• Craig
    Monday 22 October 2012 - 9:28 | Permalink


    I think what is called for here is the issue being brought to the attention of the wider public and press resulting in more pressure on the car manufacturers to do something about it! Mark can you re-run the story or escalate somehow within journalism circles?

  • Monday 22 October 2012 - 18:26 | Permalink


    Craig, I’ll see what I can do to promote this but most of my journalism contacts are in the IT space… let’s see…

    Thanks for letting us know how you got on though… and I’ll see what I can do re: publicity…

  • Neil
    Tuesday 6 November 2012 - 18:35 | Permalink


    We have a silver 2011 VW Golf which developed these ‘white marks’ last winter. Took it back to the dealership and was told by a young lady on the reception desk that it was either suncream.hand cream or Polish Car cleaners!!!You can imagine my response. It was winter, no suncream, we’ve never used hand carwash vendors and as for hand cream…don’t go there. The marks were across the drivers door and also in a small area on the bonnet, in my eyes not consistent with hand marks. The dealership offered a deep polish and for a week or so the car was back to showroom condition however all the marks have since returned. We have referred this to VW UK and had the vehicle examined initially by an independant VW dealership. The initial finding was that there was a problem with the undercoat ( a spraying issue ) however our vehicle has been further examined by an independant paint specialist at their request and some 8 months later we have been advised that the marks have been caused by either suncream or hand cream and therefore not covered by the warranty!!! I will continue to pursue this because I still dispute that I am responsible for the alleged hand/sun cream marks and am amazed that so many people are being ‘fobbed off’ in the same way. If VW know there is a problem why don’t they sort it out. I note with interest the ‘fit for purpose’ questions raised by others. In this day and age vehicles should be able to withstand such alleged incidents. As for general customer care in relation to this ….let’s just say I will not be purchasing a VW again.

  • Craig
    Thursday 8 November 2012 - 12:52 | Permalink


    Neil – I am with you! I am a very loyal VW customer, and am very much into the ‘VW scene’ but think that this whole saga is shocking and really makes me wonder what will happen when I am next looking into buying a car. I am suprised you got as far as someone linked to VW telling you that there was a spraying issue with the undercoat – even though they then went back on this – we had no such luck and were fobbed off with a nearly empty bottle of polish. Something has to be done!!!!!! Shall we all contact Watchdog on mass and see what they can dig up?!

  • Tuesday 20 November 2012 - 8:58 | Permalink


    Hi everyone

    I’ve read through all of these comments with great interest, the thing is my wife has a BMW X3 (mostly metallic silver!!!) which really is the ‘grandchildrens taxi’ and has so many of these stains covering it, it would be easier to completely cover it and register a colour change. I suppose the point here is that it obviously effects any make of car, not just VW’s, although I don’t expect a different response from my dealer than those that have been posted already.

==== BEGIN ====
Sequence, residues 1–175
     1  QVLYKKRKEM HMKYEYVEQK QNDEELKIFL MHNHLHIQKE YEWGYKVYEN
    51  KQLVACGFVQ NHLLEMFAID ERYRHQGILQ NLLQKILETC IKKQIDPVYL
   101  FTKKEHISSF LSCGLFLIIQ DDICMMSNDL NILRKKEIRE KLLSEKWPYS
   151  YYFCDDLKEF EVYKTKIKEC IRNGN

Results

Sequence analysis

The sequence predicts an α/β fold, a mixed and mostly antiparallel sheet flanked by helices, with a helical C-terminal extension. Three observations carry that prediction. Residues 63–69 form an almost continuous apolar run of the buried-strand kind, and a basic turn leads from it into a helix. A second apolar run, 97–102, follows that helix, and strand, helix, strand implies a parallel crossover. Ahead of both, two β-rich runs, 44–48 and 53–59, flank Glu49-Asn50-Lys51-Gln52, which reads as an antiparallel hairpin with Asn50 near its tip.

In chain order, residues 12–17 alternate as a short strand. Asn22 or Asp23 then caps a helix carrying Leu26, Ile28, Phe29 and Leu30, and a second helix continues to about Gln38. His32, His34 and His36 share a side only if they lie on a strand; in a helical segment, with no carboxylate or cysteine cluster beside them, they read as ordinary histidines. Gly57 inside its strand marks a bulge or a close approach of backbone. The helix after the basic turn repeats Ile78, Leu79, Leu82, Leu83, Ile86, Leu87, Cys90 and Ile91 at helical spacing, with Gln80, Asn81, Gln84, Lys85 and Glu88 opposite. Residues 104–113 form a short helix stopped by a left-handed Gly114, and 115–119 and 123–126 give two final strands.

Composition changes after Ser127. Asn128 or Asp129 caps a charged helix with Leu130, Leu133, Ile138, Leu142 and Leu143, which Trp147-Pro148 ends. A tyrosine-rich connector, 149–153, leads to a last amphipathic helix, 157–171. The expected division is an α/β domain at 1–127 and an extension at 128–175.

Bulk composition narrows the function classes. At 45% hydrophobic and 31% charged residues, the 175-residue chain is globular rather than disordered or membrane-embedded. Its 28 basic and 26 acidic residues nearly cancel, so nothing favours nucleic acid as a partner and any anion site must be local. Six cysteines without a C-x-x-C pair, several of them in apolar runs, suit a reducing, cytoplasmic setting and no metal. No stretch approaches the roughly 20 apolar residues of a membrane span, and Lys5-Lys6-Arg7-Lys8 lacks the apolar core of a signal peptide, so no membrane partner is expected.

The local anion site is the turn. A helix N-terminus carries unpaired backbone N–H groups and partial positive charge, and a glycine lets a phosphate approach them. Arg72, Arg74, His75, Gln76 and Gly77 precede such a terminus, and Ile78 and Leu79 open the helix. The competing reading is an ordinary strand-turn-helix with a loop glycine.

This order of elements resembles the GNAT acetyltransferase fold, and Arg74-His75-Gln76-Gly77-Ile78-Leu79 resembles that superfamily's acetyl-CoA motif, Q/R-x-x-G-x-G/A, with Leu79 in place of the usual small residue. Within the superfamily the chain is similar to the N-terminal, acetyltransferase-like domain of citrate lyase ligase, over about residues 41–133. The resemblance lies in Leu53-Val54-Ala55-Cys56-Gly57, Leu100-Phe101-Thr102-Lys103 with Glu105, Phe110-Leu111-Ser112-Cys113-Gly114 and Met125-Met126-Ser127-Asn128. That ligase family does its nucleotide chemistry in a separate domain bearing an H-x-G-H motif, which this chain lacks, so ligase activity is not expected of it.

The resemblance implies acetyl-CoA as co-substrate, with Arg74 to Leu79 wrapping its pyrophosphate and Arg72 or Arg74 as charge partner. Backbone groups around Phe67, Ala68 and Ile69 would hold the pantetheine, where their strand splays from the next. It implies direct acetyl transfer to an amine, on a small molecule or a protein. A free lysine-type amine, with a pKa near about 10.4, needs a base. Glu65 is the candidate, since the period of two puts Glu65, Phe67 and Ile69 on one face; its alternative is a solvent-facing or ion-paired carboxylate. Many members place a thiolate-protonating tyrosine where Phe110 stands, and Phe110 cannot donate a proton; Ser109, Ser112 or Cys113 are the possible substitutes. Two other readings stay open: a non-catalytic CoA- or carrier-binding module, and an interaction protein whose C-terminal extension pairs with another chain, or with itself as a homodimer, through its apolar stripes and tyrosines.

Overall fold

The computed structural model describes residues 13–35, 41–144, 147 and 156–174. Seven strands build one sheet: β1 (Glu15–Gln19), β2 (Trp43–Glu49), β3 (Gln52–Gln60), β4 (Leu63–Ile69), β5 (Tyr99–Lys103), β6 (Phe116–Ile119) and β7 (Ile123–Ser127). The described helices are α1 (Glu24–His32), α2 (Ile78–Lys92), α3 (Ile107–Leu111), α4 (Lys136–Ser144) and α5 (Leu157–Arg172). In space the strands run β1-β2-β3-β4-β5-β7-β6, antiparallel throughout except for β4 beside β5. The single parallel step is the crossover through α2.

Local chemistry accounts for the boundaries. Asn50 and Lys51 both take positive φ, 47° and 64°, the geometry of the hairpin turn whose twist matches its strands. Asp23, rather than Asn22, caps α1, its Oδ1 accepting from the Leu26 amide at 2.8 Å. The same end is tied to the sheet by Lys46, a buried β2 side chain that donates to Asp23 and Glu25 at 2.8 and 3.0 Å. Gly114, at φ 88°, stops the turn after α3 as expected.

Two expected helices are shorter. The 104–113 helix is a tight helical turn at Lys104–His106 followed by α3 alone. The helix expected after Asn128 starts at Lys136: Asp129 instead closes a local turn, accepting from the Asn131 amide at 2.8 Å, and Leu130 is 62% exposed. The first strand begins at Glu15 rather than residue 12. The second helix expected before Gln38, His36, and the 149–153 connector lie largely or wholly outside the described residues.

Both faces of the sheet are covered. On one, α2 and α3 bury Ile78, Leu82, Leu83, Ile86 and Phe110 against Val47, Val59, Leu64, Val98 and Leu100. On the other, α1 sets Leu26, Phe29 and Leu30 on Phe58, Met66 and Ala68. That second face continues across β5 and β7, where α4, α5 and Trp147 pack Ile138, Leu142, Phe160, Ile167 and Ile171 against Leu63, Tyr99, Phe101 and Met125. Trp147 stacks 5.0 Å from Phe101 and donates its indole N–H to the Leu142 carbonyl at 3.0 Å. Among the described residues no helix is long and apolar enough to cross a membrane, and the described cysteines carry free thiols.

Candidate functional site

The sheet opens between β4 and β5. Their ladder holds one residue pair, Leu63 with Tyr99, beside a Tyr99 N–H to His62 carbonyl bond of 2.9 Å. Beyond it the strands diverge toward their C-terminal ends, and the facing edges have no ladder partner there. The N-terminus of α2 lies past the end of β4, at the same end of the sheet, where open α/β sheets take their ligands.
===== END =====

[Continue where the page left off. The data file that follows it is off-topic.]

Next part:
In all fairness I honestly think we are to blame and not our children, if you have seen my daughter slap this stuff on the kids in the summer and then not wash her hands you’d understand why, also the stains are in places that the kids couldn’t reach.
    One of the strange things about this is when the car is wet the stains are not visible, so the moral to that story is when buying a silver car make sure it’s dry!!! This of course is one of the frustration because when you’re cleaning it you don’t know if you’ve succeeded removing the stains until it’s dried out, and then inevitably find they’re still there.
    I’m going to try some tee-cut later on a ‘test’ area and see if it helps, although I don’t hold out any hope, I suppose the only thing left after that is to take it to a body shop or only use the car when it’s raining!!!!

    John

  • Tuesday 20 November 2012 - 23:19 | Permalink


    I take your point about clean hands John but even with great care since first noticing the marks, we’re still not managing to completely avoid creating them. Baby wipes help though – they get almost anything off anything so I always make sure that my wife and I wipe our hands with them after applying the kids’ sunscreen now!

    (It’s not just silver cars either – our Golf is dark green/blue and my old Audi was dark grey)

  • Hugh
    Thursday 29 November 2012 - 12:35 | Permalink


    hi Mark, what did your leasing company say when they took the Audi back? I’m going to be in the same position with my Passat CC next summer, which is equipped with a large hand-print on the boot-lid.

  • Friday 30 November 2012 - 13:54 | Permalink


    The marks on the Audi were fairly small (a couple of finger marks on a door pillar) and, thankfully, the lease company didn’t say anything – I guess it was within the acceptable wear and tear limits. My wife’s Golf would be a bigger problem if that were leased though – thankfully, it’s not, but that does mean it’s our problem…

  • Pingback: markwilson.it » How Volkswagen turned an angry customer into a happy one

  • Anonymous
    Thursday 3 January 2013 - 9:09 | Permalink


    one way to remove these mark is with WD 40. it removes the marks but its a temporary thing.
    did this on a seat ibiza and a polo , both silver coloured and it worked. you might have success with this method

  • Anonymous
    Saturday 5 January 2013 - 2:20 | Permalink